In addition to her portraits by Böhler and Schiele, Beer was also portrayed by Klimt. She recalled later that when she presented herself at his studio at Feldmühlgasse 11 (previously Feldmühlgasse 9, Vienna-Hietzing, 13th District) in November 1915, he said to her: “What do you want from me? You’ve just been painted by Schiele!” After thoroughly inspecting the charismatic lady, however, Klimt finally accepted the commission. As a preparation for the work, he created at least 40 sketches and detailed studies, in which the model is wearing many different outfits, some of them created by the Wiener Werkstätte. In the final Portrait of Friederike Maria Beer (1916, Tel Aviv Museum of Art, The Mizne-Blumenthal Collection), the subject is wearing a dress designed by Eduard Josef Wimmer-Wisgrill and made from the pongee “Marina,” designed by Dagobert Peche. This dress is now part of the collection of the Costume Institute of the Metropolitan Museum of Art, New York. The fur jacket is lined with the colorful fabric “Flora,” designed by Leo Blonder. Klimt insisted that the jacket be turned inside out. Like no other artist, Klimt succeeded in perfectly staging Friederike’s strong character and her relationship to art and fashion.

Beer recalled taking her portrait away from the artist in February 1916 to prevent him from making any further changes. The painting’s price of 20,000 crowns was paid by Böhler, who had initially given Friederike the choice of a pearl necklace or a portrait by Klimt. The work was first presented in 1920 at the “Kunstschau” at the Austrian Museum of Art and Industry (now MAK – Museum of Applied Arts, Vienna).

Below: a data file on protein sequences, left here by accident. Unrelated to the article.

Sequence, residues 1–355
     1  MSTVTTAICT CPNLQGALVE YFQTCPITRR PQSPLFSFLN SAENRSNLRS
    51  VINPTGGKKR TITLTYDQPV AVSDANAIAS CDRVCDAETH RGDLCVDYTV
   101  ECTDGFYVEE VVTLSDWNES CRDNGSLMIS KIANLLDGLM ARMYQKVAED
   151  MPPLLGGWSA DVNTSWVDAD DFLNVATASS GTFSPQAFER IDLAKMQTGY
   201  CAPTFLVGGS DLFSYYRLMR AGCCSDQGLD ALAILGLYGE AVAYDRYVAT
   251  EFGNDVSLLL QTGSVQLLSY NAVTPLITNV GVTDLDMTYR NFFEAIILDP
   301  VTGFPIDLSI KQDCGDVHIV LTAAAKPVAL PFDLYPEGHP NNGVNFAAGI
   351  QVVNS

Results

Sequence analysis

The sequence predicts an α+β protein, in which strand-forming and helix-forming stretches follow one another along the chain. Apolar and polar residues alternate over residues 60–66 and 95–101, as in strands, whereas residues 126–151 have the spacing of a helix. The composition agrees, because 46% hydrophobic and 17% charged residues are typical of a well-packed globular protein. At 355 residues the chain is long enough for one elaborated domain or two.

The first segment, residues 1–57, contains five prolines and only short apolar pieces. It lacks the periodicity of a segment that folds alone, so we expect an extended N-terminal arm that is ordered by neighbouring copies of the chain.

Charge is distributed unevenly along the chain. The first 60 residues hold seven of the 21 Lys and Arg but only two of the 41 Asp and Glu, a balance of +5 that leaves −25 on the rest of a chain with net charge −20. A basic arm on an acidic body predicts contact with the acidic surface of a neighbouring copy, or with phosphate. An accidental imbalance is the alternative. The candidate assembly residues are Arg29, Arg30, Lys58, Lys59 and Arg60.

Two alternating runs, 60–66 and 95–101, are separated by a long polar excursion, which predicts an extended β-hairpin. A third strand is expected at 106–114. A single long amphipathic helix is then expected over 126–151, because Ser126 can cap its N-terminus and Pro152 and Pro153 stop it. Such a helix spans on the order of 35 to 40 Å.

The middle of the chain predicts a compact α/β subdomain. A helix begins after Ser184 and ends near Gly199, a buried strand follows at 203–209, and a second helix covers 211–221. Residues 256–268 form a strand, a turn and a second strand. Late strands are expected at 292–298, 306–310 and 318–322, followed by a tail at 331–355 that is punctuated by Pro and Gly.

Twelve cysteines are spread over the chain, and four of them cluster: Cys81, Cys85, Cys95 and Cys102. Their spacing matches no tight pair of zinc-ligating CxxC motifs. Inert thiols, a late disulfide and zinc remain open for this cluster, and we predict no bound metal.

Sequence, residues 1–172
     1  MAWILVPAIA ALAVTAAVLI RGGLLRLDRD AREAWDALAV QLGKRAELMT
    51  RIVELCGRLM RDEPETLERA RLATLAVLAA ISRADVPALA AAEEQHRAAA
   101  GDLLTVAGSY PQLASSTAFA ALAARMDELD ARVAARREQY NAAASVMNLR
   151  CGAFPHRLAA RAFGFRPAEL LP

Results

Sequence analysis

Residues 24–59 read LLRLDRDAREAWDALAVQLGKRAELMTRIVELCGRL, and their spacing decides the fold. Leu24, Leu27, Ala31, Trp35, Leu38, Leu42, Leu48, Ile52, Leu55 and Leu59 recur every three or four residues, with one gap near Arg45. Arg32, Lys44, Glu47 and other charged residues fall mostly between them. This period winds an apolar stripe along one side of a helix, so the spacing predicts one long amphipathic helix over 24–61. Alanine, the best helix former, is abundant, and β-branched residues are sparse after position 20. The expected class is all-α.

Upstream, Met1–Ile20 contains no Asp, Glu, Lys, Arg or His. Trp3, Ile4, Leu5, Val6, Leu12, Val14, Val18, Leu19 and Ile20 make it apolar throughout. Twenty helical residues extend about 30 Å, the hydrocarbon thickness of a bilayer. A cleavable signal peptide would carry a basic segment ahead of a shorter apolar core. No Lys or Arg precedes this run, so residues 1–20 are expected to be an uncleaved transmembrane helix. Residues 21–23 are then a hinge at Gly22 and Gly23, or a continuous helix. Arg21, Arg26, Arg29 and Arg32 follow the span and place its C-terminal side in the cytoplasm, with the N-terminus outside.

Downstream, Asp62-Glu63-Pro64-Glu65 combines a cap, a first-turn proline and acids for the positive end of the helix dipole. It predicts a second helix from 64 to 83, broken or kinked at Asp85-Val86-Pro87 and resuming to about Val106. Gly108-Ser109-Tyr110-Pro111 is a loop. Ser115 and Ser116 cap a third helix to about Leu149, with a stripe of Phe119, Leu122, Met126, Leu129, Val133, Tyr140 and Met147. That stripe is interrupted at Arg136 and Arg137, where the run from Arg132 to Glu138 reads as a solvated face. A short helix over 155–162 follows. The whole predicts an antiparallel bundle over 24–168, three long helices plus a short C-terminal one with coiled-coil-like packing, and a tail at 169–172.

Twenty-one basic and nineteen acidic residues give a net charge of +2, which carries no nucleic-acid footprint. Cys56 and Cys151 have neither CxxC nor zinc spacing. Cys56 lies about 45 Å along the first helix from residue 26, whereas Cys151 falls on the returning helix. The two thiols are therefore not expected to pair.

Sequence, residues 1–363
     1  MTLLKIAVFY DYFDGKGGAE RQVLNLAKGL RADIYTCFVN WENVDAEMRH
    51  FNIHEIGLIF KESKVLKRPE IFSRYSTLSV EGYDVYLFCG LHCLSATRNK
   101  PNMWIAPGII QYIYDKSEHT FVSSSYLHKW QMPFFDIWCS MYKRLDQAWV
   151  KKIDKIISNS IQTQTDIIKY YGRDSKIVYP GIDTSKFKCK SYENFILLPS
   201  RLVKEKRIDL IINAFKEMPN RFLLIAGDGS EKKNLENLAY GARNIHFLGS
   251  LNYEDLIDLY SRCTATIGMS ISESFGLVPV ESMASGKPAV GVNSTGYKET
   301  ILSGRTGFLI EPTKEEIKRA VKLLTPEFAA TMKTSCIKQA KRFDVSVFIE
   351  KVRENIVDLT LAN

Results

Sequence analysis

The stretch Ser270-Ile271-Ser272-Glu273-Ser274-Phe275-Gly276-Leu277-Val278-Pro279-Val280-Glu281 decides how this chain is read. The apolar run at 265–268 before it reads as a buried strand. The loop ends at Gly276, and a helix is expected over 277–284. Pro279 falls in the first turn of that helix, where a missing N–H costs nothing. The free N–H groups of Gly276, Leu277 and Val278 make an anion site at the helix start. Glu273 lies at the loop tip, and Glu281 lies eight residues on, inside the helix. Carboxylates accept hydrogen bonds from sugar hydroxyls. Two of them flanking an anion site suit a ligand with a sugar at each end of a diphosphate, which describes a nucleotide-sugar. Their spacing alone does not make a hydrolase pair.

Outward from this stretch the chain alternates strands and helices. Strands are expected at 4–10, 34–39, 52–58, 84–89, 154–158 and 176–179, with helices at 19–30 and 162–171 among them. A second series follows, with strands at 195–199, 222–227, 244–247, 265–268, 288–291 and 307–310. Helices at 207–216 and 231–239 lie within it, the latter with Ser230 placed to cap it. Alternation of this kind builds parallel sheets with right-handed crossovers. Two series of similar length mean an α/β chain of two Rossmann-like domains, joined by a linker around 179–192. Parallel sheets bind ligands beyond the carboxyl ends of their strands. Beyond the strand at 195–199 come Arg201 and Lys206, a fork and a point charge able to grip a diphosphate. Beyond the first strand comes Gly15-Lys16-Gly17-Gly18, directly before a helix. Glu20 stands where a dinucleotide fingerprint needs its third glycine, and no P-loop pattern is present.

The painter and his model met again in the summer of 1916. Klimt was spending his last summer sojourn on the Attersee in the forester’s lodge (which still exists today) at the entrance to the Weißenbach Valley. Friederike also spent the summer on the Attersee, together with Hans and Erwin Böhler, who purchased Litzlberg Island that same year. Their meetings with Klimt, Flöge and other summer vacationers are documented in private snapshots.

After Gustav Klimt’s death, Friederike worked at the gallery of Gustav Nebehay from 1918 to 1920, where she arranged and stamped the drawings in Klimt’s estate. In addition to her own portrait, Friederike also owned Gustav Klimt’s painting Kammer Castle on the Attersee II (1909, privately owned), which Böhler had purchased in 1920 and presented to her as a gift.

The Cosmopolitan Friederike Maria Beer-Monti